16 August 2004
It pains me, but about the worst thing to take on holiday with you is a man who fancies himself as a chef. Before last week, spent in a rain-lashed Suffolk village sharing a house with the Lawyer’s old litigation mucker from Hyena Bandicoot Meerkat, I always fancied running off with Nigel Slater or one of the other earthy celeb cooks.
All that loving appreciation of tomato flesh: they must be dynamite in bed, if a bit hairy and smelling of garlic.
No longer. The sort of man who will drive 40 miles – 40 miles! – to see what the fishing boat has brought in, coming back with two sick-looking lobsters with broken claws that scared the kids half out of their minds (nightmares with Liability complaining she could hear the poor beasts trying to drag themselves out of the pot – click, screech, splash) is just plain selfish. More than that: a holiday-wrecker.
We have spent an entire week waiting outside delicatessens and farm shops and smelly old farmyards while Roger rooted around for “proper” food, boring the locals with diatribes on pesticides and factory farming (I bet they shoved gallons of DDT under the table when they saw him coming), feeling himself a proper man of the people for buying brisket and beef dripping from the butcher and giving us all heart attacks with the stuff instead of letting us have fish fingers and peas like anyone else.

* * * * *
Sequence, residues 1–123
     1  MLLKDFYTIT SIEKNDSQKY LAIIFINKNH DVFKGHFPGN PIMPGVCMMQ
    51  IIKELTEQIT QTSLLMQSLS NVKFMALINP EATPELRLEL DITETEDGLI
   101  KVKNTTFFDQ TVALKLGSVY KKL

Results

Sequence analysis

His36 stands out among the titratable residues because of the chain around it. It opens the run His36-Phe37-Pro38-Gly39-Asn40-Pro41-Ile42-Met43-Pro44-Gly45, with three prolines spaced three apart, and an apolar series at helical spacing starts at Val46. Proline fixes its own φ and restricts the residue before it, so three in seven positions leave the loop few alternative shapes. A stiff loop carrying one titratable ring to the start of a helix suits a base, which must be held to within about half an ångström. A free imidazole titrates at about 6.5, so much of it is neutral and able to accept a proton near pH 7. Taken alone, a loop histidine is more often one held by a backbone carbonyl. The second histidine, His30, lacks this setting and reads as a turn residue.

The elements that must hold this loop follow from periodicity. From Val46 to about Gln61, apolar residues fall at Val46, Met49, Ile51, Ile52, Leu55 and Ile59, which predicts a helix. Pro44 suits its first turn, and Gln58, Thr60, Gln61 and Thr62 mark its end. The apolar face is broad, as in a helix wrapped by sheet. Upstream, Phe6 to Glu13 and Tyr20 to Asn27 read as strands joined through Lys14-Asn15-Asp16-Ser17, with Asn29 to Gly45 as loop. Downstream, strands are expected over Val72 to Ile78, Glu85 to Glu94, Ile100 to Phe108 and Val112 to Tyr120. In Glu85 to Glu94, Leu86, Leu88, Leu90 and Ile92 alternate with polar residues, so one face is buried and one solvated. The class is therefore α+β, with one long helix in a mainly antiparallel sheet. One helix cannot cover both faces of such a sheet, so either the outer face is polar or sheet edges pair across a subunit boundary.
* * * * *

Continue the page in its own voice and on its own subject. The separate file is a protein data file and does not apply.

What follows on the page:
God forbid that he’d let me into the kitchen to give the poor, starving children beans on toast. (All these food lunatics have a thing about not pandering to children and making them eat adult food, which just means they sit pining at the table in front of indigestible boiled brisket or mackerel sushi and gorge themselves on ice-creams and chocolate while Roger is busy prodding sausages in yet another dismal farm shop.) It’s about control, of course: the man is not head of litigation at a national firm for nothing. I gave up control over the children’s diet years ago, and I really don’t want someone clawing it back for me (especially when I know he’s the one defending some of the major manufacturers for putting the culinary equivalent of asbestos in their food). If you didn’t turn a blind eye to the
E numbers and emulsifiers and rusk that pads out children’s food, they’d eat nothing but bananas, and then they’d bring home a classroom project on the Third World, proving that bananas are as bad as heroin for the growers, and then they’d have to live on air.
But I really object to this foodie control freakery on holiday, when I know he lets himself be waited on hand and foot at home and eats out every lunchtime (although I bet he hangs around the doors into the restaurant kitchen, trying to engage the chef in conversation about how delicious squid ink is or where to find pigs’ trotters, while the chef signals frantically to the porter to hide the economy pack of oven chips in the freezer).
But really Roger, like all controlling lawyers, wants to get inside the kitchen door and start bossing people around: he runs his own department like a legal Gordon Ramsay, with a bit less effing and jeffing, but just as much sending things back and making the trainees cry. Lawyers, with their horrible attention to detail and their hatred of taking the blame, would probably be good value on Hell’s Kitchen: you’d never see carrots julienned so neatly, while the rows over why the clients refused to pay the bill would be monumental.